Whereas I was busy playing at being an obsessed and self-absorbed scribe, Allen was much more ambitious: he had undertaken to be a good man. An artist to be sure, he was equally committed to being a father, husband, teacher and friend. Go figure. The cliché is to say that Allen Hoffman lives in two worlds—past and present, earth and air, and so on. But that’s not really the case; because for Allen there’s no commute between worlds; antiquity and the current moment inhabit the same place and time. He lives in the Old City of Jerusalem as it was and as it is; myth and reality coexist in a timeless harmony….To sit at his Shabbos table is to be situated at once in the bosom of a family while at the same time participating in a séance at which David and Ezekiel persist in tapping the table. I’ve never known anyone whose nature combines in such equal portions the messy terrestrial and the giddy atmosphere of the upper Eden.

… Let my voice join the chorus; heap praises upon his hoary head and let them rain down upon his dandruff-sprinkled shoulders until he kvells to bursting and hemorrhages internally from overmuch affection. I haven’t seen Allen in several years, yet he’s become an irrepressible facet of my consciousness, part conscience, part guardian angel. There’s nobody like him. God bless his incandescent pupik.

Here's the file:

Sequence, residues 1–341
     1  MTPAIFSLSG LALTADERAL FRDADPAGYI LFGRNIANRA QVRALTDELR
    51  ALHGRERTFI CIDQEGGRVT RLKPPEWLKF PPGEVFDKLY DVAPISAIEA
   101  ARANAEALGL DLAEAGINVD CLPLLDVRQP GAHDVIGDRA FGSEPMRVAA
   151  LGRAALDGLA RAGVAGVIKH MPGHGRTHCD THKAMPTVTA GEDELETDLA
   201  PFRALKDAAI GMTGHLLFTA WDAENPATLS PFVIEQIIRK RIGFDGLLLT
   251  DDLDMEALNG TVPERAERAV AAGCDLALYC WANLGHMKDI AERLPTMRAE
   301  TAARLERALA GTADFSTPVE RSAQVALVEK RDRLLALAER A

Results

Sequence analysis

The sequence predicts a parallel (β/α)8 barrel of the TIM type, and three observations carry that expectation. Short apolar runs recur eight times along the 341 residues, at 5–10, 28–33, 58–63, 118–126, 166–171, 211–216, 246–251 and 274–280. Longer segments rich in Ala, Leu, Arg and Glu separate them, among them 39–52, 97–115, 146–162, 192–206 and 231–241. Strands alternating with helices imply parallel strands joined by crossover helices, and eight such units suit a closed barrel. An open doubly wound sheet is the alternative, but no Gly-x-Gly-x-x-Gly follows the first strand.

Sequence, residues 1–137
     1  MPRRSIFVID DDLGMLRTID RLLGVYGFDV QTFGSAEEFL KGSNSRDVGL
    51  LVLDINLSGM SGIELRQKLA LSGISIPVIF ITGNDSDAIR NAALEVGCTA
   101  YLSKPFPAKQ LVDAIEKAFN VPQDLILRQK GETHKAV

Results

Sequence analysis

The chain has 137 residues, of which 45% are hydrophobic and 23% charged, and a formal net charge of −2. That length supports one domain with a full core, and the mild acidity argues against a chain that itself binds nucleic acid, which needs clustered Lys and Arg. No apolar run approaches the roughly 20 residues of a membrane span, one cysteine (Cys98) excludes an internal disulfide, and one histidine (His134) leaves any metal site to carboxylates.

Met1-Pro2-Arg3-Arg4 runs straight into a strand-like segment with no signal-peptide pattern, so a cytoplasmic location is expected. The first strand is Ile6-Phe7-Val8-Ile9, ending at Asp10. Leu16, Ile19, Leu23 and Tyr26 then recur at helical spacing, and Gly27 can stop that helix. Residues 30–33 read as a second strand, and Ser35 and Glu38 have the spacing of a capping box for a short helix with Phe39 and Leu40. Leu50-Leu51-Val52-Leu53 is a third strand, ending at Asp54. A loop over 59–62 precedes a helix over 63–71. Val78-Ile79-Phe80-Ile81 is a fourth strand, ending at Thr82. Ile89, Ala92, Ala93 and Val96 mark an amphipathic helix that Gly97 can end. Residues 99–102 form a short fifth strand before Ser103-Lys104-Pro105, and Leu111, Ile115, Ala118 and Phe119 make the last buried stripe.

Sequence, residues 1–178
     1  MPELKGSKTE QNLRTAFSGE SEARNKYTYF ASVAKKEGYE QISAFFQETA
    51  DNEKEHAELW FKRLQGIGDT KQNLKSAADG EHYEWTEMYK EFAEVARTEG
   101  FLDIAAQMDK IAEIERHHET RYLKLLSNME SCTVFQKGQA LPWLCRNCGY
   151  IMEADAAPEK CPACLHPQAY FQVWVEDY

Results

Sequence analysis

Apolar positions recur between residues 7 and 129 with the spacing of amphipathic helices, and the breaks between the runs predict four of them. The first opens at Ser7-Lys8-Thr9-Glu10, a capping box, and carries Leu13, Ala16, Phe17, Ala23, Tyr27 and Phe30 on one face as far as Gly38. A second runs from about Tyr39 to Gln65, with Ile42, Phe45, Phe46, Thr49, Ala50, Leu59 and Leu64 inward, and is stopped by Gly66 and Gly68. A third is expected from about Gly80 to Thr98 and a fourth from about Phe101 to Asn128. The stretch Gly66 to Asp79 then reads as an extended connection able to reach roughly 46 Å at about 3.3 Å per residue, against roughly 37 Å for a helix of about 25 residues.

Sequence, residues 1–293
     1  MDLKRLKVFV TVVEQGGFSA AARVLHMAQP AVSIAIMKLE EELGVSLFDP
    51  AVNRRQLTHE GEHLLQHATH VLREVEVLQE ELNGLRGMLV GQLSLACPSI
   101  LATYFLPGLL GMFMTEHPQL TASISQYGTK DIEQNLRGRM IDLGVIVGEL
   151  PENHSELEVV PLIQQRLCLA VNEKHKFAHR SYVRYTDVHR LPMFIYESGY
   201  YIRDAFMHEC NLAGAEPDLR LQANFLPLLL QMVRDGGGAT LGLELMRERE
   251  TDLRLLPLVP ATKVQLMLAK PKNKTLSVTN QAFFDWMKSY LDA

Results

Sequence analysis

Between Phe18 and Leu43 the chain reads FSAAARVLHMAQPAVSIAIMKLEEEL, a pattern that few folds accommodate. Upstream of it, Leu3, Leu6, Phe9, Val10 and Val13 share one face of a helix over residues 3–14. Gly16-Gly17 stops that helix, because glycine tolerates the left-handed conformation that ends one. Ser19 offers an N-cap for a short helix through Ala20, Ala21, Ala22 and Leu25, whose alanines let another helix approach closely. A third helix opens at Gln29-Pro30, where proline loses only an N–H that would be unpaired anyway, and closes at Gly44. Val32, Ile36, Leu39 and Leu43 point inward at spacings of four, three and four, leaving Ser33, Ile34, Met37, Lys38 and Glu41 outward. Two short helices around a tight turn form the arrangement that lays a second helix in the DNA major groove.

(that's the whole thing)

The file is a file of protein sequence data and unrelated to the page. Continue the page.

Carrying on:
About Judy Labensohn

I'm a writer and teacher of writing.
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10 Responses to In Praise of Allen Hoffman

  1. estherhecht says:

    Jesus, Judy, you’ve blown me away with this post. Masterful, to say the least (and to use a sexist descriptor, for which my apologies). Kol hakavod.


  2. Yonatan Sredni says:

    I want to add that A. Hoffman is quite amazing in that he has worked with so many students of so many backgrounds and yet he takes the time to work with them and truly serve as a ‘mentor’ and not just in their writing. When I completed my thesis (with him as my advisor) I gave him a little baseball statue (like the award you get as a kid) that said ‘To my coach’, he really was! – Yonatan Sredni


  3. I first heard about him ,almost three decades ago in NY from people who’d been his Shabbos guests. How our lives interconnect. Best


    • Jonathan B. Horen says:

      And I first met Allen (and Steffi, Avigail, and Eli… and then, Atara) when I was a bochur at Yeshivat Aish HaTorah, in early-February 1980. As with your friends, we met over the Shabbos table… his. We’ve been friends, ever since. He’s a good friend… a good husband and father, too (I was privileged to know, first-hand, that side of their lives)… a good Person, and probably the best I know. I knew Allen and Steffi for 25 years in Israel, before returning to the US, and my life is diminished by their absence. Allen’s stories of St. Louis Jewry are not to be missed; I would love to read his memoirs.


  4. Thanks for the intro to a new writer, Judy. He may be retiring, but I’m about to begin having a look at his work, given the gorgeous prose from Steve Stern.


  5. canalwriter says:

    This is brilliant writing Judy.
    Doesn’t half make me want to meet him – and to see you again soon!